blog blah, blah blog

So very meta …

I’m about to be incredibly long winded and self indulgent (nothing new there then).

I was looking forward to the Blogging 101 thingy today, but when I got the email, I was disappointed. Edit your title and tagline, it said – and I replied NO! So instead of obeying, I am going to defend my existing one.

Title = the blahpolar diaries.
The url is bipolar dyke, which made me go hmmm quite soon. I use blahpolar because it amuses me and alludes sweetly to my verbosity. It’s decent SEO to have the word bipolar in the url and idgaf that the text is a very feeble search term indeed.

Tagline = where folly holds her throne.
I found it in London and its Mad; it was on the entrance gates to Bedlam (Bethlem, Bethlehem Hospital). There is also this …

Close to those walls where Folly holds her throne,
And laughs to think Monroe would take her down,
Where o’er the gates, by his famed by father’s hand
Great Cibber’s brazen, brainless brothers stand;
One cell there is, concealed from vulgar eye,
The cave of poverty and poetry.
From: The Dunciad – Alexander Pope (1743)

An interpretation of the verse:

     Pope places the throne of Dullness in Bedlam, formally referred to as Bethlehem Hospital.  The hospital was founded in 1247 but did not begin to treat the insane until the early 15th century.  During Pope’s time the hospital was located near the London Wall on the south edge of Moorfields. 
     Conveniently for Pope, it was the King of Dullness, Colley Cibber’s father, Caius Cibber who executed the two statues that stand before the sanitorium–Raving Madness and Melancholy Madness.  These two statues, “Great Cibber’s brazen, brainless brothers” are naturally suitable emblems for Pope’s poem.


Madness and sadness …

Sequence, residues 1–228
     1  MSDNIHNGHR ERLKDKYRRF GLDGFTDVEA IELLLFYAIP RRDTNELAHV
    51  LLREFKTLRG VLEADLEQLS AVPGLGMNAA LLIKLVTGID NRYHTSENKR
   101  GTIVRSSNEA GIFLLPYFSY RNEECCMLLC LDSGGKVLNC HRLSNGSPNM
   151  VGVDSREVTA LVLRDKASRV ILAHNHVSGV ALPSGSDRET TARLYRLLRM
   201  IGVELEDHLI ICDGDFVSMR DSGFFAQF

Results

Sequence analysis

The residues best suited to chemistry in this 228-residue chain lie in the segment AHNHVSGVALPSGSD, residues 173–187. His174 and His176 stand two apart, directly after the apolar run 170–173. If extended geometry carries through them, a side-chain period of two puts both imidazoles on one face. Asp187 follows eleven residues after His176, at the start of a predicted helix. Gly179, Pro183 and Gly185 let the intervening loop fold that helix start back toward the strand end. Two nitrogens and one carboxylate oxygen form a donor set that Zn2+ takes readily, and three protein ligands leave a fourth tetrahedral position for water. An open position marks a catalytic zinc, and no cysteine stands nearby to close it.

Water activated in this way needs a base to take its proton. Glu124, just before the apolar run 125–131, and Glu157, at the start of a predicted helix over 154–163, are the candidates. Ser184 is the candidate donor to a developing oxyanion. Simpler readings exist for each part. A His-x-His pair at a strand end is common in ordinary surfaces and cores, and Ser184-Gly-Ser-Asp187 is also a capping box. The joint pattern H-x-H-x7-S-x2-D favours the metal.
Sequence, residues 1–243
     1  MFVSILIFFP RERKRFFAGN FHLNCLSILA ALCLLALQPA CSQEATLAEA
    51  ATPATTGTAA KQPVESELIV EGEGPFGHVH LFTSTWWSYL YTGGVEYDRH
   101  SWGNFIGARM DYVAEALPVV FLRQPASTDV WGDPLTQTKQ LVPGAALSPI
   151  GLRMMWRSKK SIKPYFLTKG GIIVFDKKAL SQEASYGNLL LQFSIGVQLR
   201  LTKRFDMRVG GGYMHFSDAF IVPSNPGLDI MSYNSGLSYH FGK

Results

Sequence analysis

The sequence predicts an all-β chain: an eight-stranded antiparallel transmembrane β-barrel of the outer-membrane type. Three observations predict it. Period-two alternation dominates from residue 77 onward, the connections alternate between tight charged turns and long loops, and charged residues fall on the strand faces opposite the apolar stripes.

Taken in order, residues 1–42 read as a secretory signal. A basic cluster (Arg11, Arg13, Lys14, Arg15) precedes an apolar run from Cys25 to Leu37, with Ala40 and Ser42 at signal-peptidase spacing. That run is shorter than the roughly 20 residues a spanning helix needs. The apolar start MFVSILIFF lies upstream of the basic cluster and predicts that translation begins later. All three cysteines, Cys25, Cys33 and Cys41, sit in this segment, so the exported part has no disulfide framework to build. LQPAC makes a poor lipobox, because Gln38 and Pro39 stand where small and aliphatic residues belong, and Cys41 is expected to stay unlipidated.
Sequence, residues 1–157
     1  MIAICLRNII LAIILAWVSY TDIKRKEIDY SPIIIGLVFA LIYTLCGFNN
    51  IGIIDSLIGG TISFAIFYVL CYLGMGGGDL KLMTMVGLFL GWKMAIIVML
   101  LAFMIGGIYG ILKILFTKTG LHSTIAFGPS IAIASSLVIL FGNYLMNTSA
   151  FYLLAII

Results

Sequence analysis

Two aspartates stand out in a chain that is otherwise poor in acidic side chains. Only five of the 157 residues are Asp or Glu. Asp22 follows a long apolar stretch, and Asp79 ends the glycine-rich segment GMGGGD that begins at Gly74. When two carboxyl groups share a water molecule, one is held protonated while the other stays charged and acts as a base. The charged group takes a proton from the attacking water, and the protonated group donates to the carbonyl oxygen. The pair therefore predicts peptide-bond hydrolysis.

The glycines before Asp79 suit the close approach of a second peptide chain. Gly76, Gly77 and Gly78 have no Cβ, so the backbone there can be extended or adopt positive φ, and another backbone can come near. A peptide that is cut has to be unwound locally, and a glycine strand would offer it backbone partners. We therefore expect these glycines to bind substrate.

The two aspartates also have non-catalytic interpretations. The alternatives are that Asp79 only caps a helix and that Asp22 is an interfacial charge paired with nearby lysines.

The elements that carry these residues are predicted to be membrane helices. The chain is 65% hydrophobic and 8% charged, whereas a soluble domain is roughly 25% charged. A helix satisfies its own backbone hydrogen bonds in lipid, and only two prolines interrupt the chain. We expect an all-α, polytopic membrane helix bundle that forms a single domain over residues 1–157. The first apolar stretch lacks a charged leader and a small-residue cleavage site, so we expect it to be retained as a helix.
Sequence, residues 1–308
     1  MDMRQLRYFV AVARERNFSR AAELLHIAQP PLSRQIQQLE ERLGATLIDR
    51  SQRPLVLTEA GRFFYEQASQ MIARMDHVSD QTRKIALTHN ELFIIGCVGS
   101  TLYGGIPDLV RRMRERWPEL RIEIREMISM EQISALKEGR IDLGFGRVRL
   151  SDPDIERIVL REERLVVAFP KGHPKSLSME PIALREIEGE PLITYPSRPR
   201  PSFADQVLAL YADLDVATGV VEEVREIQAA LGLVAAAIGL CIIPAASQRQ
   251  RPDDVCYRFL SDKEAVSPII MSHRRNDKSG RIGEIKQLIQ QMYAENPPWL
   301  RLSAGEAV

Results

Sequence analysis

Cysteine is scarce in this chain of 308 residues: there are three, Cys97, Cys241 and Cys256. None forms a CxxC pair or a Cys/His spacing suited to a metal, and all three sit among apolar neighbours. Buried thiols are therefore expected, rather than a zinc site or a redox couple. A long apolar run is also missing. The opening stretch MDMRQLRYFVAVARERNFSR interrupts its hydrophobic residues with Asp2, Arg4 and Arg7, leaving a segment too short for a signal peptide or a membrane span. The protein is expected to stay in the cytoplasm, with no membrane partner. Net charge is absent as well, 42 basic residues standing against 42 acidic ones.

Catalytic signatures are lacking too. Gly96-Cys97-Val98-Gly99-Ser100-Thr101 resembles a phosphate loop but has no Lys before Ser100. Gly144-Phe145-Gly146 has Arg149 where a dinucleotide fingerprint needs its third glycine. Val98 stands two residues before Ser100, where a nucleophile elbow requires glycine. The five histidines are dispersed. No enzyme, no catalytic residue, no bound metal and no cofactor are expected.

These reclining figures dramatise the binary opposition between manic and melancholic symptoms which lay at the heart of pre-medieval and early modern understandings of mental ill-health. Raving Madness is depicted in furious agony (and in hospital chains, by the way) whereas Melancholy is free of restraint, but expressionless and unengaged.

The more things change, the more they stay the same. We freak out about chains, but use restraints. We define spectrums and then treat them as binaries.


I chose the tagline because I thought it was both beautiful and sad (and etymology and evolution of language fascinates me). I know it doesn’t offer any clear info or keywords – but I honestly just don’t care. Folly, in this instance, has the following definition.

Middle English: from Old French folie ‘madness’, from fol ‘fool, foolish’.

Bipolar was once known as la folie circulaire – circular madness. I actually like that, because a circle (obviously) is so much more than bipolar’s stupid polarised and limited binary. Also, I think such things ought to be honoured and remembered. They’re part of us. And the people who went before us deserve at least the occasional salute, imnvho.

I couldn’t find an image of the gates of Bethlem/Bedlam in the 18th century.


When it comes to readers and commenters, quality wins hands down over quantity. I like these little announcements though; I feel a bit like I did when I earned a Brownie badge.


I used to wear 501s all the time – they’re too expensive here though.

A few stats that interested me …


Thanks to everyone who ever commented on anything, and replied to my comments on their blogs. Facebook irks me so much, there’s so rarely a decent conversation. And I live far from the madding intelligentsia, so I really do need quite a lot of online interaction.


I didn’t use the read more function till fairly recently, so individual post views weren’t showing up until I did. Sometimes when I notice that an old post is still getting hits, I update it a bit if there’s anything new to say.

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